For the past few days, I have been moving around at odd hours, bordering on breaking the rules of curfew. These often early morning trips have been the best spent hours of my week.
Following the spirit of Cheptegei, the champion, I have even managed to break some records of my own. At least twice this week, I broke the long-held record for who gets to office first, surprising then reigning champion. However, apart from improving my personal best, I have relished the other advantages which are only enjoyed by the early bird. In the pre-dawn hours, one doesn’t have to jostle with the crowds or deal with traffic jams.
The world is calm and one can lay their Covid-19 worries aside and breathe. The air is fresh and seems cleaner, unpolluted by the noise of political campaigns or the fumes arising from Kampalans’ daily hustle to survive.
While many terrible things can be attributed to the Covid-19 outbreak, the one definite positive in my case has been the silence that accompanied the lockdown and the still persisting curfew. Scientists say coronavirus shutdowns led to “the longest and most coherent global seismic (vibrations of the earth) noise reduction in recorded history”. According to the New York Times, a team of 76 scientists from more than two dozen countries reported that lockdowns from the Covid-19 pandemic led to a drop of up to 50 percent in the global noise linked to humans.
In my neighbourhood, the lockdown noise reduction was palpable. The church that used to go on all night, with the pastor casting out demons in the dead of night, finally fell silent. I hear that following months of closure, the house of worship might relocate and while I love the Lord God, I also believe in public order and doing things at the right time. Due to the Covid curfew, we are also still on a break from the all-night partygoers whizzing past on their boda boda or motor car, were cut off by the curfew and closing of bars and nightclubs. For a moment, the wild midnight cheers from football fans were no more. The world was simply quieter. And we all slept, some more peacefully than others. Many had various worries. And online, groups of people reported having more vivid dreams, possibly because we were all having deeper sleep.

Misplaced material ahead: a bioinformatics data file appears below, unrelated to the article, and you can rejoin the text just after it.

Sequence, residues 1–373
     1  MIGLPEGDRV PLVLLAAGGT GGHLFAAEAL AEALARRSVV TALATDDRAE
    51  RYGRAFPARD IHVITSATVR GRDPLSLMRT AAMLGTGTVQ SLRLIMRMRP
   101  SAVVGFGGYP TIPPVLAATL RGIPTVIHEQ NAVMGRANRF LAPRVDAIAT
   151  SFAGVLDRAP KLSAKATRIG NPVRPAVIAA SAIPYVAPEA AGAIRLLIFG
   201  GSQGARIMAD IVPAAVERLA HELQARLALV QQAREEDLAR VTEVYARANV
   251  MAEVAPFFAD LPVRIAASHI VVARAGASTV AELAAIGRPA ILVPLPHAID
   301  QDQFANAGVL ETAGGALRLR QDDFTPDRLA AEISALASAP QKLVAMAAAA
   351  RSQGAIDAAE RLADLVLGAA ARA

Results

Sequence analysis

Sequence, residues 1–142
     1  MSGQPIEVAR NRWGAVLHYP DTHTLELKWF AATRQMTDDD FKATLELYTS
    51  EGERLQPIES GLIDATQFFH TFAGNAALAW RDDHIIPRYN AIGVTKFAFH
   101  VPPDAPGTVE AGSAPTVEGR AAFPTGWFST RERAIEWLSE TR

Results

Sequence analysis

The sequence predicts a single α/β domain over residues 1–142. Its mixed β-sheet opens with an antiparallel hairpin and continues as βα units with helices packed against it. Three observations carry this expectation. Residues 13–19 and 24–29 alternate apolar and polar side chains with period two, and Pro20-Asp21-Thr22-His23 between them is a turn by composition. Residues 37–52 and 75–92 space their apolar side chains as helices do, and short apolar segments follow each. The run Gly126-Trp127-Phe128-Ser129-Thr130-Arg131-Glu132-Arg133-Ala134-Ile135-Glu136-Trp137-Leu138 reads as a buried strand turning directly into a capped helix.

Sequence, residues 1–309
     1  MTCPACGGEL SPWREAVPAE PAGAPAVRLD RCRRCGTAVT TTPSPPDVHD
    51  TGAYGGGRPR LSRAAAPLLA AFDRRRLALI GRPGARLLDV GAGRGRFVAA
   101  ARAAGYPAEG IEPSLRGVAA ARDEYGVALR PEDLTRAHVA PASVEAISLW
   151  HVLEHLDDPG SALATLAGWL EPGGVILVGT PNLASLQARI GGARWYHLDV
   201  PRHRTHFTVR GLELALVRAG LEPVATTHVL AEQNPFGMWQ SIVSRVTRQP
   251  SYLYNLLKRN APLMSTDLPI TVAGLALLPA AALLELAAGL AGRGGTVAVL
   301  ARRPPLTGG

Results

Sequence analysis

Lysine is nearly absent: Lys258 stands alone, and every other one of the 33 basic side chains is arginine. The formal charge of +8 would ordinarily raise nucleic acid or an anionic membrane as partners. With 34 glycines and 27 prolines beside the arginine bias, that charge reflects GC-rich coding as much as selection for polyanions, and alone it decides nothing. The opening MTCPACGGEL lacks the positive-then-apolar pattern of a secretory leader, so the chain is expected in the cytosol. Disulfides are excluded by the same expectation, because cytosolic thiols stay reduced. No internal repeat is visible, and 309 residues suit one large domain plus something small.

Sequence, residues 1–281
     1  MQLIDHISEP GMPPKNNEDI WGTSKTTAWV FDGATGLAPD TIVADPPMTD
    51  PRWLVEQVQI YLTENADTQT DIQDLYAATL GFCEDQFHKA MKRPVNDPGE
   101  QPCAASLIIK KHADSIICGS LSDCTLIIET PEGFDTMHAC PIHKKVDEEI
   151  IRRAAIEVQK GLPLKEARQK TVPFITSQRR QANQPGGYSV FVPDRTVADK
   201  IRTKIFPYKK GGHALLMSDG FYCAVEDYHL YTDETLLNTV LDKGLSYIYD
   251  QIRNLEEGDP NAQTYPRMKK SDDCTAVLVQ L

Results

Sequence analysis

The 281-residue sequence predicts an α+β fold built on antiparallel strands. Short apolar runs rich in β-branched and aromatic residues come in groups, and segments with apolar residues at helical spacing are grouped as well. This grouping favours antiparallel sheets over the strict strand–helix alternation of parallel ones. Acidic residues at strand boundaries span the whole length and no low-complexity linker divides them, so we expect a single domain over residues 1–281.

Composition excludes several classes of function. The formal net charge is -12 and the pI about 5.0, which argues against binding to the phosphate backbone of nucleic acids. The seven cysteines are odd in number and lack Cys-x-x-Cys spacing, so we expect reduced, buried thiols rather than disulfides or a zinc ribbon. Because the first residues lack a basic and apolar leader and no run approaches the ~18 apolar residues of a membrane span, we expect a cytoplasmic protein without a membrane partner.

Now that life is returning to some kind of normal, we are back to our old hustling ways, chasing money at the cost of everything else; boda bodas zooming around after dark, way after curfew time, buyers and sellers haggling over merchandise, as face masks lie abandoned, forgotten. As we keep talking about a new normal, we are fast slipping back into our old and familiar ways, rushing around, sacrificing health and safety as well as morals at the altar of money.
In order to reclaim this precious memory of a quiet earth and some sanity, sometimes one must search for it in the coolness while the world sleeps. Before the sun comes out to scorch the already burnt out pockets of the general populace, one can sit back, dream and plan for a future in which there will be neither Covid-19 nor nasty politicians. When the air is cool and you can actually hear the birds sing, one can hope for an end to corruption. One can hope that the people said to be collecting bribes from truck drivers in exchange for fake Covid-19 results will lose their jobs and rot in hell after that.
Ms Nampewo is a writer, editor and communications consultant